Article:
STILLWATER — In the spring of 2010, recently hired Seattle Seahawks coach Pete Carroll made a trip to Stillwater to spend time with former Oklahoma State offensive lineman and future Seahawk draftee Russell Okung.
During his visit, Carroll took in an OSU spring practice, and coach Mike Gundy utilized the opportunity to ask the former USC coach for some friendly advice.
“I said, ‘What could I do here that you've done (at USC) that could help our football team?'” Gundy recalls. “And he said, ‘Double the time you practice on forcing turnovers.'”
Gundy took Carroll's casual tip and has turned it into a full-fledged defensive philosophy, one that thrives on halting opponents' drives by taking the ball away even when sometimes giving up yards in bunches.
And the results so far this season have been staggering for the No. 3 Cowboys. OSU leads the nation in turnovers forced (29) and interceptions (17) and is tied for first in the country in fumbles recovered (12). Those takeaways have helped offset the amount of yards given up by the Cowboys, who rank 111th in the nation in total defense (455.63 yards allowed per game).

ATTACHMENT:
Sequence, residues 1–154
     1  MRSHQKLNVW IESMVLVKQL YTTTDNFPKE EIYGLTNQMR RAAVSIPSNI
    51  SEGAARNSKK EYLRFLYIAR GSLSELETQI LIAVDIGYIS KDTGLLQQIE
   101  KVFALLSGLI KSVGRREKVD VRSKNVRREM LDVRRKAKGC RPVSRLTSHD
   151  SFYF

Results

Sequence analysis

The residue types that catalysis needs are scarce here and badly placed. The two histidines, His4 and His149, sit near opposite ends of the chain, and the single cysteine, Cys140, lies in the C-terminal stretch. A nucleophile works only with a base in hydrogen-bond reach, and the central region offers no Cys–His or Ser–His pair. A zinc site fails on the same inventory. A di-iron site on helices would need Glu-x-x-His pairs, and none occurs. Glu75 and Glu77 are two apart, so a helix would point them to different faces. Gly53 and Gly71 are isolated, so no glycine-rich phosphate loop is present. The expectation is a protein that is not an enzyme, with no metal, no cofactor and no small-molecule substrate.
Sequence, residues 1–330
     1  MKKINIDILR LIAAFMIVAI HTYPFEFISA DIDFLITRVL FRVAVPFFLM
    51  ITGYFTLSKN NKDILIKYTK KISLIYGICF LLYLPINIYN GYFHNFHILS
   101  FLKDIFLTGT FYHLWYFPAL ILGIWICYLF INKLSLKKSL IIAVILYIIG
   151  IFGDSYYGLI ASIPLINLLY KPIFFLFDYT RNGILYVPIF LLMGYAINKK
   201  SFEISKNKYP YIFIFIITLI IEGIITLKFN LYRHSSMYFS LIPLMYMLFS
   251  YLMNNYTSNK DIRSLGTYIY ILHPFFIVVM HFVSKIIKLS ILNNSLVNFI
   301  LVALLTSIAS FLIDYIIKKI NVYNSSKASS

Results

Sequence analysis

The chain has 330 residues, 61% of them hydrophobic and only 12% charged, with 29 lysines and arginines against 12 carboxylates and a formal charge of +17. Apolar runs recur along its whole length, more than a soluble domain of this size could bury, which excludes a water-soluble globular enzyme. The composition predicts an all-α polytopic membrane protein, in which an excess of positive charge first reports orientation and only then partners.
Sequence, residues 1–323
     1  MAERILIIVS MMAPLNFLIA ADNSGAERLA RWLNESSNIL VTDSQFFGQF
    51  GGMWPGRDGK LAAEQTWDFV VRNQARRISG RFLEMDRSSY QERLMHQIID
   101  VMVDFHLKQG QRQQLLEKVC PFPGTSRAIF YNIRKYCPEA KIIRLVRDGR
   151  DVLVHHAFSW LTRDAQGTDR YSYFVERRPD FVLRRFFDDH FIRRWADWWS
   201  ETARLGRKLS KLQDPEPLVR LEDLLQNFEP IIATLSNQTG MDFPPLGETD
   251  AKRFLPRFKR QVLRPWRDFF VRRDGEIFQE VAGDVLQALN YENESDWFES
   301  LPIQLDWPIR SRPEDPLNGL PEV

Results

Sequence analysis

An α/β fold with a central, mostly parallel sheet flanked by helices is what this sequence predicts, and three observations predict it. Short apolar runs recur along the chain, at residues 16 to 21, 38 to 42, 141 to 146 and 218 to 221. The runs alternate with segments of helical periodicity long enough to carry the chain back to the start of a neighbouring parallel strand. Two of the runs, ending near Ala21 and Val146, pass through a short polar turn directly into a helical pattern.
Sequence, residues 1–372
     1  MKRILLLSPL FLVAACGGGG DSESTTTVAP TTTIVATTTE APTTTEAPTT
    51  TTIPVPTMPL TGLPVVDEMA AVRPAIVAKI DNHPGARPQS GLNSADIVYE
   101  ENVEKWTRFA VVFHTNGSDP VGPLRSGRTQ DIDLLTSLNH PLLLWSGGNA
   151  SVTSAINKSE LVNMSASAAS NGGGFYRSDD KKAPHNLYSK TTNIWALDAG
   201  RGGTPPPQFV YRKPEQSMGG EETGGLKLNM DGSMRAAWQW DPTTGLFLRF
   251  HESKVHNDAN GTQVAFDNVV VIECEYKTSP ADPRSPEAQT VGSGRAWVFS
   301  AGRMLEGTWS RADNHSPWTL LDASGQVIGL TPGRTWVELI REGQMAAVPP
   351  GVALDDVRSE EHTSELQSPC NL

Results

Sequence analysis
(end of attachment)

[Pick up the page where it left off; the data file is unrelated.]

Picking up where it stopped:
“We feel like forcing turnovers is a nature — it's just like putting on a helmet,” linebacker Shaun Lewis said. “We expect to go out there and get turnovers. We work at it so much, it's second nature to us.”
A shirt worn by safety Daytawion Lowe on Monday illustrates the mindset of the Cowboy defense. On the front, it said “Ball Hawk.” On the back, it said “Rip. Pick. Strip. Score.”
“We expect that we're going to work for (turnovers),” defensive end Jamie Blatnick said. “We don't expect them to just give it to us.”
That has been the longtime philosophy of OSU defensive coordinator Bill Young, who oversaw a Kansas defense that led the Big 12 in turnovers forced in 2007 before joining OSU's staff in 2009. The Cowboys finished Young's first two seasons ranked in the top 3 in the Big 12 in turnovers forced, including first in the conference in 2010 with 34.
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